UCF Study Reveals Students Have Developed New ‘Golf Cart Sense’

A groundbreaking study from the University of Central Florida psychology department has revealed the existence of what some are calling humankind’s ‘real sixth sense’.

As part of an ongoing study, psychology researcher Dr. Phillip Dibmarzo observed UCF students in their natural habitat: walking aimlessly down Memory Mall. After poring over several semesters’ worth of observational data, Dibmarzo has made a striking discovery – students can sense the path of an oncoming golf cart with 92% accuracy.

“It’s incredible — even with Air Pods in, UCF students have this almost intuitive sense of whether or not a golf cart is rapidly approaching from behind. I’ve never seen anything like it.”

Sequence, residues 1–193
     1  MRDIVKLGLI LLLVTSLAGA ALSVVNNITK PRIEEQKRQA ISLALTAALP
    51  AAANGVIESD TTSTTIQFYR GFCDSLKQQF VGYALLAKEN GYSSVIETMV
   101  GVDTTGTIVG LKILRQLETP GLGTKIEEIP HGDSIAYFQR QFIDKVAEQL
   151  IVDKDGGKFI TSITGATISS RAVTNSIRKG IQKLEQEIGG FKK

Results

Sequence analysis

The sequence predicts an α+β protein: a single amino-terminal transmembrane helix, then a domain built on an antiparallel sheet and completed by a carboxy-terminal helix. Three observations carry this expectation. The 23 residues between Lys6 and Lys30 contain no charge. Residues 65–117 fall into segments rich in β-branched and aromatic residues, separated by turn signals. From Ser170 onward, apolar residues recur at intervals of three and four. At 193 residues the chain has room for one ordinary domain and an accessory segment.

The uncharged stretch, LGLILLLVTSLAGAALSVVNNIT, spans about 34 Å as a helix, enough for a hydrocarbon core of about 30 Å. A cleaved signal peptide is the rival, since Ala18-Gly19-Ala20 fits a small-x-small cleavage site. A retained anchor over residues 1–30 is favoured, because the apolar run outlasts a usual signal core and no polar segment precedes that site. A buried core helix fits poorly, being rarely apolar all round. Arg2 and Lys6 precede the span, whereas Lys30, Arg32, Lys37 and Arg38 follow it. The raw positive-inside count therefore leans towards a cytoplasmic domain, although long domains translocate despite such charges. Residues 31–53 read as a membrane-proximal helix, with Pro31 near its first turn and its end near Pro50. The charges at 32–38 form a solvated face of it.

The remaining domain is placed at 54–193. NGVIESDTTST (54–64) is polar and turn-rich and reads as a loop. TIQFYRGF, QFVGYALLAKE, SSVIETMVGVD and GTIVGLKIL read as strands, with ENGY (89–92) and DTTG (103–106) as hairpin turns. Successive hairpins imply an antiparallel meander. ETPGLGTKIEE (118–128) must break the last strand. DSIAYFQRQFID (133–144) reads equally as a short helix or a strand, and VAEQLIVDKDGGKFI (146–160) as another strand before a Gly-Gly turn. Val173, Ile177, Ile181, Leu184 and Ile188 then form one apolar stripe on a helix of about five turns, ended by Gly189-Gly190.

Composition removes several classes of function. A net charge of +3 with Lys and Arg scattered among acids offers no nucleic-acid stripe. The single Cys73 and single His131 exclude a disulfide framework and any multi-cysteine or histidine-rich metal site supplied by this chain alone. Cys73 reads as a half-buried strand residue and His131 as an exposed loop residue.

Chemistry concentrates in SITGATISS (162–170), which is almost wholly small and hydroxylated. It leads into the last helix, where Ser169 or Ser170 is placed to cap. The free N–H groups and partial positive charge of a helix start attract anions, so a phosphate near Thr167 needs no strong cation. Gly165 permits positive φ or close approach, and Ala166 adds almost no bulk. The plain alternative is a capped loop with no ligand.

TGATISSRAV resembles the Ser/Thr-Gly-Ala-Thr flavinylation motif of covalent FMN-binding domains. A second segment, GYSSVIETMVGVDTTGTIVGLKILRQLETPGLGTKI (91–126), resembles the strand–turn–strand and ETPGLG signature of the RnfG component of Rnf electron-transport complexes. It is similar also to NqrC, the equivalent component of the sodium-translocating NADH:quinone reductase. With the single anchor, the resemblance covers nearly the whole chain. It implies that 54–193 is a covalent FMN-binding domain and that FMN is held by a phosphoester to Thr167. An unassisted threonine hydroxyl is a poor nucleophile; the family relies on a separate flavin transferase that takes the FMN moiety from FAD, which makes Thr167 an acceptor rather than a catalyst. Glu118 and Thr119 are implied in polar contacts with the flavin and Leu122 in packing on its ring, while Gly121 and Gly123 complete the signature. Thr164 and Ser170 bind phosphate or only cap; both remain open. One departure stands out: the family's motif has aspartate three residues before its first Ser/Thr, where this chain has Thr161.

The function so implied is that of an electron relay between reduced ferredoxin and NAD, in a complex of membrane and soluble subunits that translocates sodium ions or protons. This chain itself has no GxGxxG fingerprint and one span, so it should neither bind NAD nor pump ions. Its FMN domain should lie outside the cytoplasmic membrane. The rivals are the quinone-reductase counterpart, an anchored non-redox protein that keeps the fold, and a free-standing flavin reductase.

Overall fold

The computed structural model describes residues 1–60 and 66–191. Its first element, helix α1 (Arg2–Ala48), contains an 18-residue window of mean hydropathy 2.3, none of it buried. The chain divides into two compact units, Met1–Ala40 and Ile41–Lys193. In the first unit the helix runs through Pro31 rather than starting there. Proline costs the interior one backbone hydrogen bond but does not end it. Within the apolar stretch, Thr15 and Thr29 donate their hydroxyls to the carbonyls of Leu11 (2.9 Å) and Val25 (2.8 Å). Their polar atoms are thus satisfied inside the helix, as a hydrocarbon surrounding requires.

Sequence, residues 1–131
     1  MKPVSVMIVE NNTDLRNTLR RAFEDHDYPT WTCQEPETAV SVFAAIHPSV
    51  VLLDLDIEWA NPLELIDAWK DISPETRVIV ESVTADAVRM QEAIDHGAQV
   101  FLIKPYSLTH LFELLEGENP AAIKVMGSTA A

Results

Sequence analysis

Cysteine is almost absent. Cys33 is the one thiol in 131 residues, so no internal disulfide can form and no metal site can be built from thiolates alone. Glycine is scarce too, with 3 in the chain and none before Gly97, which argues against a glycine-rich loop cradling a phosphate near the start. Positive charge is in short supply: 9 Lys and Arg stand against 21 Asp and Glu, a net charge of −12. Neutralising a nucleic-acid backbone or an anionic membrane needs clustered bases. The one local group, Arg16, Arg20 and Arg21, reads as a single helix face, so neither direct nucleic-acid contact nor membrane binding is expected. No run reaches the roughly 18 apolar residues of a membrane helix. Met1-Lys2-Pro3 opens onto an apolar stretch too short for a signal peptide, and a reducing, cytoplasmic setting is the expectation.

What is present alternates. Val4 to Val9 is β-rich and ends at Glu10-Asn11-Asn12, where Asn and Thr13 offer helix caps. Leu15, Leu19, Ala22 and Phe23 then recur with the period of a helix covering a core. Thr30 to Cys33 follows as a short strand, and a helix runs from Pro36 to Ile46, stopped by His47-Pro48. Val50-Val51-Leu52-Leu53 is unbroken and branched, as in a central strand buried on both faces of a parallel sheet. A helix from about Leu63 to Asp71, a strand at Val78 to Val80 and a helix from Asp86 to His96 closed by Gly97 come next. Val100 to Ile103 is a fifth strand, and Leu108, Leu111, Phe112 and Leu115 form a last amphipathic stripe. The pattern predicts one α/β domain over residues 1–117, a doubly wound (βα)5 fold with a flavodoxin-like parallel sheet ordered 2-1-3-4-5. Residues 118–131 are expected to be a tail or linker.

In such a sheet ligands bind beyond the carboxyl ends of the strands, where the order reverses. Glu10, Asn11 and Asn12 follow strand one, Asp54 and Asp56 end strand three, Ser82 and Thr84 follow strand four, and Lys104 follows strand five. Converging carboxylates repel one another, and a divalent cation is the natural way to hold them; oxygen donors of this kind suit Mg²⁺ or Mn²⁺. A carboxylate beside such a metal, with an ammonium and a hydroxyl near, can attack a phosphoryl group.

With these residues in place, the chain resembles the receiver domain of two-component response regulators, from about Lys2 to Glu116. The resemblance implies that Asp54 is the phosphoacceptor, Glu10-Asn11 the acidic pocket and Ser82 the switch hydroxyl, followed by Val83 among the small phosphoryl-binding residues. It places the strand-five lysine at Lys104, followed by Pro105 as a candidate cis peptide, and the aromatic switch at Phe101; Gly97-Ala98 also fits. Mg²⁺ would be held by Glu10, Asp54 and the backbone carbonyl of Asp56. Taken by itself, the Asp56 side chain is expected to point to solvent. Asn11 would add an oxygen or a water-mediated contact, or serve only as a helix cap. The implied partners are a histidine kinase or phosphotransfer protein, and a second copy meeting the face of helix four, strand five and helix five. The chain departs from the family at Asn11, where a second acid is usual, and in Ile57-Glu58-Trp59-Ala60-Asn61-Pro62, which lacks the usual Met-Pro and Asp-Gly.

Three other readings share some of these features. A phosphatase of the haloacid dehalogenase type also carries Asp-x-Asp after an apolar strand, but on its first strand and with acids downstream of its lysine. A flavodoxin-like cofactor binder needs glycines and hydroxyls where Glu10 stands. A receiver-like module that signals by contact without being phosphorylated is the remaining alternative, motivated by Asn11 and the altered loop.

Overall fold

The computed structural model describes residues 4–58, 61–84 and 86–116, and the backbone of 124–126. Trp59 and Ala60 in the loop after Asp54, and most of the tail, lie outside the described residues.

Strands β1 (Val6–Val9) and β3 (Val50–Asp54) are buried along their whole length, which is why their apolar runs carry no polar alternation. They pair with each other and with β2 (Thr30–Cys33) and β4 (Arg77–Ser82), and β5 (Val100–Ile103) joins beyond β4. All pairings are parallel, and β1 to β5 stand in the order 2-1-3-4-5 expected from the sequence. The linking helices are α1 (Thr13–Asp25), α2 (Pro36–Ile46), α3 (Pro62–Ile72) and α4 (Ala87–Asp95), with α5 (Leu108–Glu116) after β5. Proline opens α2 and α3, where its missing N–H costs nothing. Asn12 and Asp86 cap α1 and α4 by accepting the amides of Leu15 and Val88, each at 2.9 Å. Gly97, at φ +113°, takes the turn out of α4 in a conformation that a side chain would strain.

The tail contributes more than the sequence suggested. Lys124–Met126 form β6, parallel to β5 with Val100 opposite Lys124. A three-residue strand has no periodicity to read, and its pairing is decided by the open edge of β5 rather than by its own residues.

Dibmarzo’s data shows this effect is seen in nearly all students. Although students with Air Pods showed slower reaction times, they still were able to move out of the way in time.

“It doesn’t seem to be based in the actual sound of the golf cart. It’s almost like this built-in, primal instinct. Almost like the very presence of a golf cart activates this fight-or-flight kind of response,” Dibmarzo says.

Dibmarzo’s graduate student, Anna Dreuf, notes the golf cart sense seems to extend to longboards as well. “Who among us has not sensed an oncoming longboarder? You can almost feel its approach in your very soul. It’s nearly impossible to ignore.”

Jeb Stein, president of the Golf Cart Operators’ Union of UCF, agrees with Dibmarzo’s results. “I’ve seen the same thing myself. The only people who don’t move out of the way are those who don’t respect the golf cart lifestyle — the Anti-Cartites. But that’s a whole other story.”

Further research is being conducted to see just how potent the effect is within the UCF population, and what its implications are. In the meantime, UCF students are advised to keep out of the way of golf carts.

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